Unlike the Affordable Care Act supporters I am trying to think of ideas on how to make the law more efficient and less partisan. My guiding principle is that we should pursue the simplest health care reform policies until we find a more complex form that actually provides some measurable benefit. This is a variation of Occam’s Razor or the KISS principle. Part of the problem with the Affordable Care Act supporters is that they have consciously pursued complex polices when a simpler policy would be more than adequate. As an example Josh Barro at Business Insider argues “If You Like Your Health Plan, You Probably Shouldn’t Be Able To Keep It”.
But here’s the thing: One of the key reasons that America needed health care reform is that a lot of existing health plans were bad. There are a lot of health plans that Americans shouldn’t be able to keep.
Some old plans were bad because they had big holes in coverage, like plans with annual and lifetime benefit limits that could leave beneficiaries destitute if they got hit with major illnesses. Other plans were bad because they covered too much, encouraging beneficiaries to consume needless care because they had little or no financial responsibility at the margin.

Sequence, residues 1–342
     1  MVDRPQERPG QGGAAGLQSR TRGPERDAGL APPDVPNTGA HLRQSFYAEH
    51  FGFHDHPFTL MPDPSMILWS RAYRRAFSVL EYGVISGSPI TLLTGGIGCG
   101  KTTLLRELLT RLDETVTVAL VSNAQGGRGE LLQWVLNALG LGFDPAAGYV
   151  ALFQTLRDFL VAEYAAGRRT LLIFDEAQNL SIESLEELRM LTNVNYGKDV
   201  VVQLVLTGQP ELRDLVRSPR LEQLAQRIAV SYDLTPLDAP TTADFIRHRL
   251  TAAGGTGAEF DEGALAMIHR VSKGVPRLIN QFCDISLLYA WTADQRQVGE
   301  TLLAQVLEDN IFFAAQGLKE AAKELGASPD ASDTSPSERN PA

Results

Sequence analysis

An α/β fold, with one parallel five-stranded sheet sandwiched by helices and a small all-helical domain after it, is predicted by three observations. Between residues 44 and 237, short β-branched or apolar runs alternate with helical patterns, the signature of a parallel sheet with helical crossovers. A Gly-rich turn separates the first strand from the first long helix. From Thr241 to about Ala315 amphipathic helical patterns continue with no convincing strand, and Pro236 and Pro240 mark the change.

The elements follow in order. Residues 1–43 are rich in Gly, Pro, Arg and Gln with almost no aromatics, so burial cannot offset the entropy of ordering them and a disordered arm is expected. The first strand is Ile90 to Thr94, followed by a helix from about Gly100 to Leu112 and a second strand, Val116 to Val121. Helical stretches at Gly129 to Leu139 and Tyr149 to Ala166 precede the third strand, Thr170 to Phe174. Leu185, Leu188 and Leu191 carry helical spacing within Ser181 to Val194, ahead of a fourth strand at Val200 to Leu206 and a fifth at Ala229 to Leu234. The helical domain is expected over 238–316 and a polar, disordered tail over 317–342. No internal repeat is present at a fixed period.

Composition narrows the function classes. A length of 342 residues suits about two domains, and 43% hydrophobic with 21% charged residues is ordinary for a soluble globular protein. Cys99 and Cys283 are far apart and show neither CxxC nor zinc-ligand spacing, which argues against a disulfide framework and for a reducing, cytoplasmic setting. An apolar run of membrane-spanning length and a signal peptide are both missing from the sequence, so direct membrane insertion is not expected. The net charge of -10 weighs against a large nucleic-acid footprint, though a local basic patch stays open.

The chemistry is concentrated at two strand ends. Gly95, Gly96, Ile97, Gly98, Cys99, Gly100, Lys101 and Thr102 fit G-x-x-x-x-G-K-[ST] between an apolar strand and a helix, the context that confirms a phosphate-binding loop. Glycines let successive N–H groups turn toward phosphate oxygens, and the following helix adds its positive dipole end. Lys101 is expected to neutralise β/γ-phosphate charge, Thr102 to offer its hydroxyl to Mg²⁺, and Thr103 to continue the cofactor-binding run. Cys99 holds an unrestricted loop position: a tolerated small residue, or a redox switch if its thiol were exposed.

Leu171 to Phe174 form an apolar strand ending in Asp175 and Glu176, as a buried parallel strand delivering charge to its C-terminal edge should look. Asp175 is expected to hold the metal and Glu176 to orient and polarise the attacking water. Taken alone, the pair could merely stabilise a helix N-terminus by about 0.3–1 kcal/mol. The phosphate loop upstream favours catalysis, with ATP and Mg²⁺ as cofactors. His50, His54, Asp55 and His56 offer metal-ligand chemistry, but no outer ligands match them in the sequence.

In effect he is arguing that we should throw the baby out with the bath water because there are holes in the coverage in the low cost plans and too much coverage in the high cost plans. I have a lot of problems with this argument. I looked at my current, grandfathered plan and it does not have any holes that I consider significant. I have a passion for the details so I ran it through the actuarial spreadsheet and it comes in at 64.1%. Considering that it has both a lower price, $391, and a lower deductible, $3000/$5000, than the Affordable Care Act plans, it looks like the better deal. Probably the biggest problem I have with his argument is that I am beginning to believe that the price for the plans is a top down decision that does not reflect the actuarial costs from closing holes in existing plans. The pricing appears to be based on what the government/insurance companies feel the market will bear without political consequences. There is a collusion/corruption smell coming from the Affordable Care Act and it shows up as higher prices. So we have replaced a somewhat efficient, honest individual insurance market with a less efficient, dishonest market. The price increases are a pretty good indicator that we are going in the wrong direction!
For me and most healthy people the Affordable Care Act plans are the 4th best health care reform option. So here is a simple solution that is not politically charged. Let the grandfathered plans coexist for a couple years more with the Affordable Care Act plans. When the Affordable Care Act supporters start embracing the value option for healthy people, these plans will quietly go away.